Georgia Republican Senators Kelly Loeffler and David Perdue have issued a strong statement in support of the Atlanta Braves name. The baseball team has not announced any plans to change its nickname but the lawmakers' statement comes as theare preparing to change theirs.
"We adamantly oppose any effort to rename the Atlanta Braves, one of our state's most storied and successful sports franchises," they said Monday. "Not only are the Braves a Georgia institution – with a history spanning 54 years in Atlanta – they're an American institution."
The GOP senators, who are both facing statenext month, said the Braves' name "honors our Native American heritage" and it should "not be erased."
The senators said the Braves should not "cave to the demands of the cancel culture and the radical left."
The Braves told the Atlanta Journal-Constitution on Monday and in July that it was standing by its name. However, officials told the newspaper that they were "discussing" the controversial tomahawk chop chant at the start of games, but still intend to keep it as a logo.
The name, first used in 1912 by the team, was a term for Native American warriors that was used during the First Nations War. However, criticism of the name and tomahawk chop are not new.
The National Congress of American Indians have called on the Braves to change their name and end the use of the chop, saying it's "offensive to us" and it doesn't reflect the diversity and history of more than 570 tribes. St. Louis Cardinals pitcher Ryan Helsley, a Cherokee Nation member, criticized the use of the chop last year during the National League Division Series.
"I think it's a misrepresentation of the Cherokee people or Native Americans in general," Helsley said. "Just depicts them in this kind of caveman-type people way who aren't intellectual. They are a lot more than that."
Cherokee Nation Principal Chief Chuck Hoskin Jr. told CBS News in statement, in part, "While some team names may not appear derogatory or offensive as others, the usage and imagery misrepresents the culture of our people."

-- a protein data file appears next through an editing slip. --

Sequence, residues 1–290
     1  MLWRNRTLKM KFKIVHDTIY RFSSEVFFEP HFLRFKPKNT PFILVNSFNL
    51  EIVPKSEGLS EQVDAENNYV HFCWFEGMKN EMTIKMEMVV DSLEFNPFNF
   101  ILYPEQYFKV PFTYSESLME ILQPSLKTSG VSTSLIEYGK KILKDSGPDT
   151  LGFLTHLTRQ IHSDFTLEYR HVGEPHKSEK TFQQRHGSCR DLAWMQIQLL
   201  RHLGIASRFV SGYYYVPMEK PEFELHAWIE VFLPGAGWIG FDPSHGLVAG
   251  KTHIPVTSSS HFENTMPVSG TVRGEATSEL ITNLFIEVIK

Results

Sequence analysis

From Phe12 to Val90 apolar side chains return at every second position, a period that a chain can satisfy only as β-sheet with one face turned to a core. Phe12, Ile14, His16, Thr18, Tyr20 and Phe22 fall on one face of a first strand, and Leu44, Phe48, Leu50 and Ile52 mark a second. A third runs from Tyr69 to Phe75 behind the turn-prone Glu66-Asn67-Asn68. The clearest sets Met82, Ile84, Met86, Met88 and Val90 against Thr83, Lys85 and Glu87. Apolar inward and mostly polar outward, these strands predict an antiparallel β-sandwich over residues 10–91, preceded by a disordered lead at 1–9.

"All across the United States, fans embrace stereotypes of American Indians — war bonnets, face paint, crying war chants and making tomahawk-chopping gestures — and mock our culture as though we are vestiges of the past. This does not honor Cherokee traditions, nor do they honor our fellow Native brothers and sisters," said Haskin, who oversees the largest of the three federally recognized Cherokee tribes in the United States.
However, not all tribes share that sentiment.
Lucian Sneed, principal chief of the Georgia Tribe of Eastern Cherokee, a sovereign nation remaining on a small portion of their original homeland around Cherokee, South Carolina, told CBS News on Tuesday that they are "supportive" of the Braves name.
"The use of the name Braves elevates the Native Americans," he said. "The Best of the Best. To be a Brave is Supportive of what it means to be a BRAVE. The BEST of the BEST."
The Braves recognized Sneed on Veteran's Day this year and posted information about the tribe and its culture on the team website. The team also announced the release of a Cherokee syllabary t-shirt with proceeds benefitting the new Kituwah Academy and the tribe.
Multiple sports teams have changed names or banned in-game practices deemed offensive to Native Americans. In addition to the Cleveland Indians looking to change their name, the Kansas City Chiefs banned fans fromor face paint and the Washington Football Team shed the and logo.
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